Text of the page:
Geoffrey Reed

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Sir Geoffrey Reed
Geoffrey Sandford Reed.jpeg
1st Director-General of Security
In office
9 March 1949 – 30 June 1950
Prime Minister Ben Chifley (1949)
Robert Menzies (1949–1950)
Succeeded by Sir Charles Spry
Personal details
Born Geoffrey Sandford Reed
(1892-03-14)14 March 1892
Port Pirie, South Australia
Died 31 December 1970(1970-12-31) (aged 78)
North Adelaide, South Australia, Australia
Spouse(s) Kathleen Matthews
Alma mater University of Adelaide
Profession Barrister, jurist
Military service
Allegiance Australia
Service/branch Australian Army
Years of service 1918–1919

Sir Geoffrey Sandford Reed KC (14 March 1892 – 31 December 1970) was a justice of the Supreme Court of South Australia and the first Director-General of the Australian Security Intelligence Organisation (ASIO).

Early life[edit]

He was born in Port Pirie on 14 March 1892, the first child of William Reed and his wife Elizabeth, née Lathlean. William Reed was an Wesleyan clergyman, and Geoffrey was educated at Prince Alfred College, a Methodist school. Reed studied Law at the University of Adelaide and was admitted as a solicitor and barrister on 25 April 1914. He enlisted in the Australian Imperial Force (AIF) on 18 February 1918, and was married later the same year to Kathleen Matthews. He was posted to England and France and served with a supply depot. He was discharged in Adelaide on 21 May 1919.

Through the 1920s and 1930s, Reed became a partner in McLachlan, Reed & Griffiths, was active in the Law Society of South Australia and lectured in law at the University of Adelaide. He chaired a Royal Commission on transport in 1937, and in August 1938 was appointed King's Counsel.[1] He was appointed to the Supreme Court of South Australia in 1943, having acted as judge for a period earlier.


Reed was involved in security, including chairing the South Australian National Security Advisory Committee from 1941. He undertook a number of inquiries on security issues for the Federal Government. Reed was appointed as Commonwealth Director-General of Security on 2 March 1949. A fortnight later, the Australian Security Intelligence Organisation was established. The Australian Government of Ben Chifley was pressured by its allies to address security shortcomings at the beginning of the Cold War.

In late 1943 Judge Reed was commissioned by Attorney General Dr H.V. Evatt to conduct an inquiry into the competence of Lt. Colonel Robert ( Bob) Wake who was in charge of the Commonwealth Security Service in Queensland. Serious charges had been made by the Army's Commander-in-chief, General Blamey, that Wake was an incompentent, used 'lewd' women as agents and had lost the trust of Australia's American allies. Judge Reed found that all charges were false and when Prime Minister Chifley told him that Wake was the government's preferred choice to run ASIO, Judge Reed was very happy to work with Wake. Wake was the operational head of ASIO from its formation until Reed retired. Wake was responsible for appointing key agents to spy on the Russian Club in Sydney that eventually led to the Petrov Defection. During the formation of ASIO Wake worked very closely with the MI5 liaison officer, Courtney Young, who took snuff and wore spats. Much of this information is given in Val Wake's biography of Bob Wake titled No Ribbons or Medals: the story of 'Hereward' an Australian counter espionage officer.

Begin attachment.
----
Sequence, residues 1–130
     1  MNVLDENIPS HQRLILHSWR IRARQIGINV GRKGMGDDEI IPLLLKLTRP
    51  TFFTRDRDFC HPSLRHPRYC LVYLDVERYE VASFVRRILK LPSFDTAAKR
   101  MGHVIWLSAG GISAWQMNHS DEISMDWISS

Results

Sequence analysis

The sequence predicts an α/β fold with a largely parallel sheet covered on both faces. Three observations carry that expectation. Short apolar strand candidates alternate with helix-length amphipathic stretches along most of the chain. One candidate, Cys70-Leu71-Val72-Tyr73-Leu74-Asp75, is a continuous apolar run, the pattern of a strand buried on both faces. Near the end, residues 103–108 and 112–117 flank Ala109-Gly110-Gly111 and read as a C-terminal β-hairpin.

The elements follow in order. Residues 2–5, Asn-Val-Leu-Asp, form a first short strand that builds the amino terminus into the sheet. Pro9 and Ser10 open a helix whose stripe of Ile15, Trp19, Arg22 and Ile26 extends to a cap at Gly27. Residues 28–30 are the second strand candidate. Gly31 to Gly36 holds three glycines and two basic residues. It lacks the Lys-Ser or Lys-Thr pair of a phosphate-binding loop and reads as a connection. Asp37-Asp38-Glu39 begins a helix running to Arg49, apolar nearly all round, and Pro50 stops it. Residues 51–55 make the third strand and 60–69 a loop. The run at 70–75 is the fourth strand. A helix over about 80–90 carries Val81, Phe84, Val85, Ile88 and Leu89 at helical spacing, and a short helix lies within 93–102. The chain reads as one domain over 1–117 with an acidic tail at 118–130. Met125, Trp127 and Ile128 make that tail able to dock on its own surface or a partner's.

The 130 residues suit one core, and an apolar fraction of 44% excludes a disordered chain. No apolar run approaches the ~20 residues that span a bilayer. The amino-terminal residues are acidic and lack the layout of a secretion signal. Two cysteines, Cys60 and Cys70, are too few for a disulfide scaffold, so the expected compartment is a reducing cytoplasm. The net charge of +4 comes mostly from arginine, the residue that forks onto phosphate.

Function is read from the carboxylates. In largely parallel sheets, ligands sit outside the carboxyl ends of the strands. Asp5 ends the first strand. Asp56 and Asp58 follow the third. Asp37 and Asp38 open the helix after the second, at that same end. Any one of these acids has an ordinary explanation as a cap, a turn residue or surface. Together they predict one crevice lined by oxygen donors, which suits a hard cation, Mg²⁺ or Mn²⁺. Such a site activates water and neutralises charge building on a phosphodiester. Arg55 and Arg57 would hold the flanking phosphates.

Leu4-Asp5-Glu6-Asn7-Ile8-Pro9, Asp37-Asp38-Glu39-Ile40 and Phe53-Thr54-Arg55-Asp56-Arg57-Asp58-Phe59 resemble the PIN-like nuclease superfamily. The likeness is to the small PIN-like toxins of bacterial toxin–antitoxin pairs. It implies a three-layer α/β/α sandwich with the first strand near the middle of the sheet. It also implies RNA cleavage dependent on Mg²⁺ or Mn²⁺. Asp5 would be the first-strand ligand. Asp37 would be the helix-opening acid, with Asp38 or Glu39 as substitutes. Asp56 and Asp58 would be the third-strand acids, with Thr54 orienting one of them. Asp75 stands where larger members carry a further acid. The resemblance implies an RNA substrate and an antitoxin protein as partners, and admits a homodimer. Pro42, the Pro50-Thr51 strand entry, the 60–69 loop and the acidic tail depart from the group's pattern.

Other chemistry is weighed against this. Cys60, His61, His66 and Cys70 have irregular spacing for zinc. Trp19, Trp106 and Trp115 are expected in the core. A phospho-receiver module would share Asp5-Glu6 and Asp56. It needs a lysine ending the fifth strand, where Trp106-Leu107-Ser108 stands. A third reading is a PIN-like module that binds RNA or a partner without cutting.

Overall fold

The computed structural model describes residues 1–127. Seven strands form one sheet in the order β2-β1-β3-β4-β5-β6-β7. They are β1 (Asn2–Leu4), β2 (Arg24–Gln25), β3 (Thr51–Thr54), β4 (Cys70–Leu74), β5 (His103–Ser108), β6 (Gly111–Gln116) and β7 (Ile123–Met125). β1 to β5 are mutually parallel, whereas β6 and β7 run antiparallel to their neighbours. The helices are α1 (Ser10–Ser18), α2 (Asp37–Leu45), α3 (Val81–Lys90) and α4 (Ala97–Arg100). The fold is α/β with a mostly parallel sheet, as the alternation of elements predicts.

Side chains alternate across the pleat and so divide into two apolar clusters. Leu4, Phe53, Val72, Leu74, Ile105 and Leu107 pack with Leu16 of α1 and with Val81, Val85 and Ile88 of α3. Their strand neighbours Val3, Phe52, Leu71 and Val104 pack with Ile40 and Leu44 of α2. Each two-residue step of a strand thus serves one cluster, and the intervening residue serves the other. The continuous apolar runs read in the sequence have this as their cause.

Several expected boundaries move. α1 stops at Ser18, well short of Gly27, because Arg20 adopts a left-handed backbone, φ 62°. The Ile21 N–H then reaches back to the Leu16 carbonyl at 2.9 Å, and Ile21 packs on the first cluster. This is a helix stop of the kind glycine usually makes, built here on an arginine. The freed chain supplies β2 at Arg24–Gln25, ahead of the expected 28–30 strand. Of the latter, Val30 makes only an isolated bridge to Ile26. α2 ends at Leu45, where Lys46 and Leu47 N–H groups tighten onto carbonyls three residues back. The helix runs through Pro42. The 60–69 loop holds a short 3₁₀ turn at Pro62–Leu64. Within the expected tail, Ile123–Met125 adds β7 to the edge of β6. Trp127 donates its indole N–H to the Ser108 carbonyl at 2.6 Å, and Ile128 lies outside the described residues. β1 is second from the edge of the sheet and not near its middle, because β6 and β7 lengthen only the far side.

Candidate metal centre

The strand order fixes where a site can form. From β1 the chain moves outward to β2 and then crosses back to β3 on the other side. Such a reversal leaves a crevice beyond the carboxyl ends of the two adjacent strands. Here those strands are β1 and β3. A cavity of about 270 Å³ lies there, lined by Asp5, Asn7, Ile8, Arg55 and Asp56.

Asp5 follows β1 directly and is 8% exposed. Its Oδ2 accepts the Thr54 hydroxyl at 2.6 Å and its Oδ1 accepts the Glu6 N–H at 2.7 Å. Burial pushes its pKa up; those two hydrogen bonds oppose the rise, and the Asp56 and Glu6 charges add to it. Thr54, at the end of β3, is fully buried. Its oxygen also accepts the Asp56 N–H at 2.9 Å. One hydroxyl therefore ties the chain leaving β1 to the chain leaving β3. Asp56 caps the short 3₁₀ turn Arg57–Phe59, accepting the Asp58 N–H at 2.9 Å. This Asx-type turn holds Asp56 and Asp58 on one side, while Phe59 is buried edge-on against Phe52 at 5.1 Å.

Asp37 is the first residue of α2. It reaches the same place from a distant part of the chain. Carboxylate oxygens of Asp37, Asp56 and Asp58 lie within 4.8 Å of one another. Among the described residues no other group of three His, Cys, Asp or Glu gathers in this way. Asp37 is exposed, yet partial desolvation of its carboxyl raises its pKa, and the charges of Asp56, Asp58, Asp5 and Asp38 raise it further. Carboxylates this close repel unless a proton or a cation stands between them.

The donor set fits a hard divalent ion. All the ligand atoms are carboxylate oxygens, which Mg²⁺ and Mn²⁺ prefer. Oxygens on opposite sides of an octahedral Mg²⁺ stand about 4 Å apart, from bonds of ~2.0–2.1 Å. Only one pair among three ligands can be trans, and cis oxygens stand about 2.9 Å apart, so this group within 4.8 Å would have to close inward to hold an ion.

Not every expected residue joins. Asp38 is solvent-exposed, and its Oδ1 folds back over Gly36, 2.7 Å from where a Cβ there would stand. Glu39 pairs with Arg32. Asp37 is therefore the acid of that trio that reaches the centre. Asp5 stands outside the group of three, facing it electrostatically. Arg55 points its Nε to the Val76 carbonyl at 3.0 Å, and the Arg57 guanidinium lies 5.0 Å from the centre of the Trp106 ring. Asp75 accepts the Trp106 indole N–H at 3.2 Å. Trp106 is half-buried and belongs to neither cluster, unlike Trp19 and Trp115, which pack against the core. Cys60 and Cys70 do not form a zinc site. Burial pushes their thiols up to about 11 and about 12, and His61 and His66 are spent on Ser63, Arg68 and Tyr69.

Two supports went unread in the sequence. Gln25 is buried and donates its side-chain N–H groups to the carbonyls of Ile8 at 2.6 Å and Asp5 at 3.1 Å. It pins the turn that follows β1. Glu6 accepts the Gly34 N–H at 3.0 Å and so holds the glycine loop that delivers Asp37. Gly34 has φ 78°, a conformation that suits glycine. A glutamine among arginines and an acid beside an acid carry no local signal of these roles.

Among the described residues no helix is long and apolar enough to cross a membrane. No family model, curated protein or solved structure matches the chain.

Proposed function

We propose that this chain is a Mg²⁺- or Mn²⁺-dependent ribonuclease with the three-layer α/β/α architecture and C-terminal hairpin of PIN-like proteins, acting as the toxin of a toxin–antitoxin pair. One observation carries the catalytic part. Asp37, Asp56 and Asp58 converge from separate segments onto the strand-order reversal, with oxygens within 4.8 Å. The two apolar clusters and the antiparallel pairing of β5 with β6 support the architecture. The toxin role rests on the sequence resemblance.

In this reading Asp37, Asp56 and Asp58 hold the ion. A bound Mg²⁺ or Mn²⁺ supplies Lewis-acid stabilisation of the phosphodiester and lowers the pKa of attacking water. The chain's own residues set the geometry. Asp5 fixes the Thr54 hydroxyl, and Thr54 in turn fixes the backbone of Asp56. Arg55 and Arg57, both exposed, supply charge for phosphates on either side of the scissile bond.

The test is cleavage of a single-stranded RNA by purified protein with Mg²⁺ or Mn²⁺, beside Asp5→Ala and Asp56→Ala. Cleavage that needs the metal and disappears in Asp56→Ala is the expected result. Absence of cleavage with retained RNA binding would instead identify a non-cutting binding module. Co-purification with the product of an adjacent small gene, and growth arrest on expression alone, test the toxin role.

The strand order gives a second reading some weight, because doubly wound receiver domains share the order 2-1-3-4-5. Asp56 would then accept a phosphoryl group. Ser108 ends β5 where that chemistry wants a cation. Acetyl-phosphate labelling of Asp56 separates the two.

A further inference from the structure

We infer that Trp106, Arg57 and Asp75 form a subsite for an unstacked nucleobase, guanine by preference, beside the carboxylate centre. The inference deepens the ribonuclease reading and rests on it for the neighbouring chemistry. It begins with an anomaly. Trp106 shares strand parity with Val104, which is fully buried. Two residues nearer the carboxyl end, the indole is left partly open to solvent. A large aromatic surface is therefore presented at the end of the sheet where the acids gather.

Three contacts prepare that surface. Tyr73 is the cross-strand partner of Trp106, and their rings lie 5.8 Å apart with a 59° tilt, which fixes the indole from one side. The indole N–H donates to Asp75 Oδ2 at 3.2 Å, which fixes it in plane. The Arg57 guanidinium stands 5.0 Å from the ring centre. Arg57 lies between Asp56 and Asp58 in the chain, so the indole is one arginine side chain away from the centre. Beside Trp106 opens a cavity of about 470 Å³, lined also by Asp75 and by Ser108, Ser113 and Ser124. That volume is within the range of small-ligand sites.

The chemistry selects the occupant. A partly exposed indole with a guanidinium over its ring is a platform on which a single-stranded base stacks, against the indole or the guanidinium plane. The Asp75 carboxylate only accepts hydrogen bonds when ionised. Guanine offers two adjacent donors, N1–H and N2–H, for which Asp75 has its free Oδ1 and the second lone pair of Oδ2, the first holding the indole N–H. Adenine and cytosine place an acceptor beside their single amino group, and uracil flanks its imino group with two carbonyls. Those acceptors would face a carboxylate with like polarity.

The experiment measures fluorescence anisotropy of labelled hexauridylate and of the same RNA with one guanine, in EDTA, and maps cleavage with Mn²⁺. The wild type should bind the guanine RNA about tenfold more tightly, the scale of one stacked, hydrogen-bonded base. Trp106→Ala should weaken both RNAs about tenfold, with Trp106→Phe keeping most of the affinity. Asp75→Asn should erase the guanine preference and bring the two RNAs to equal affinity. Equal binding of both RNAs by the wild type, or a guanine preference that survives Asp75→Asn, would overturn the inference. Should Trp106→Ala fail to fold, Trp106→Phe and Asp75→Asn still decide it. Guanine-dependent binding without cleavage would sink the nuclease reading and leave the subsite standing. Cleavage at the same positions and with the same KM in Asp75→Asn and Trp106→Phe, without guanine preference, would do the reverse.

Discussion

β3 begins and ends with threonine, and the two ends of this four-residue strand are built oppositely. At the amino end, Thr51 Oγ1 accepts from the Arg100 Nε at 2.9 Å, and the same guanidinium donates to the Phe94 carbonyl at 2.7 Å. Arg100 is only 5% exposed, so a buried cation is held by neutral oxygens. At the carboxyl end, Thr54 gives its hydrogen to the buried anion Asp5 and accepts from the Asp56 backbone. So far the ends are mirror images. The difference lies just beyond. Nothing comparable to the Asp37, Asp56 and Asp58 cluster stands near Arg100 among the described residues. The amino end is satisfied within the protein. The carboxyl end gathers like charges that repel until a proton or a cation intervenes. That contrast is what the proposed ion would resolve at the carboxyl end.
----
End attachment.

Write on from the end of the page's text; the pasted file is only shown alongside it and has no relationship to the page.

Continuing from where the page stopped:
ASIO was modeled on the British equivalent, MI5. Its first authorised telephone interceptions were in June 1949, followed in July by a raid on the Sydney office of the Communist Party of Australia. Reed and ASIO were supported by the new Prime Minister, Robert Menzies after the 1949 election and he received warm tributes at the end of his post in July 1950 from both sides of politics.

Reed returned to the Supreme Court of South Australia and was knighted in 1953. He chaired a Royal Commission in electoral boundaries in 1955 and served as acting Governor of South Australia twice in 1957. In 1959, he was judge in the controversial trial of Max Stuart, an Aborigine accused of murdering a 9-year-old girl and subsequently also appointed to the Royal Commission into the conviction.

Reed retired from the court in 1962 and retired in Adelaide after some travel overseas. He died on 31 December 1970 and was cremated. He was survived by his wife and their son and daughter.


  1. ^ "Personal". The News. XXIX, (4,384). South Australia. 11 August 1937. p. 7. Retrieved 20 April 2016 – via National Library of Australia. 
Government offices
New position Director-General of Security
Succeeded by
Sir Charles Spry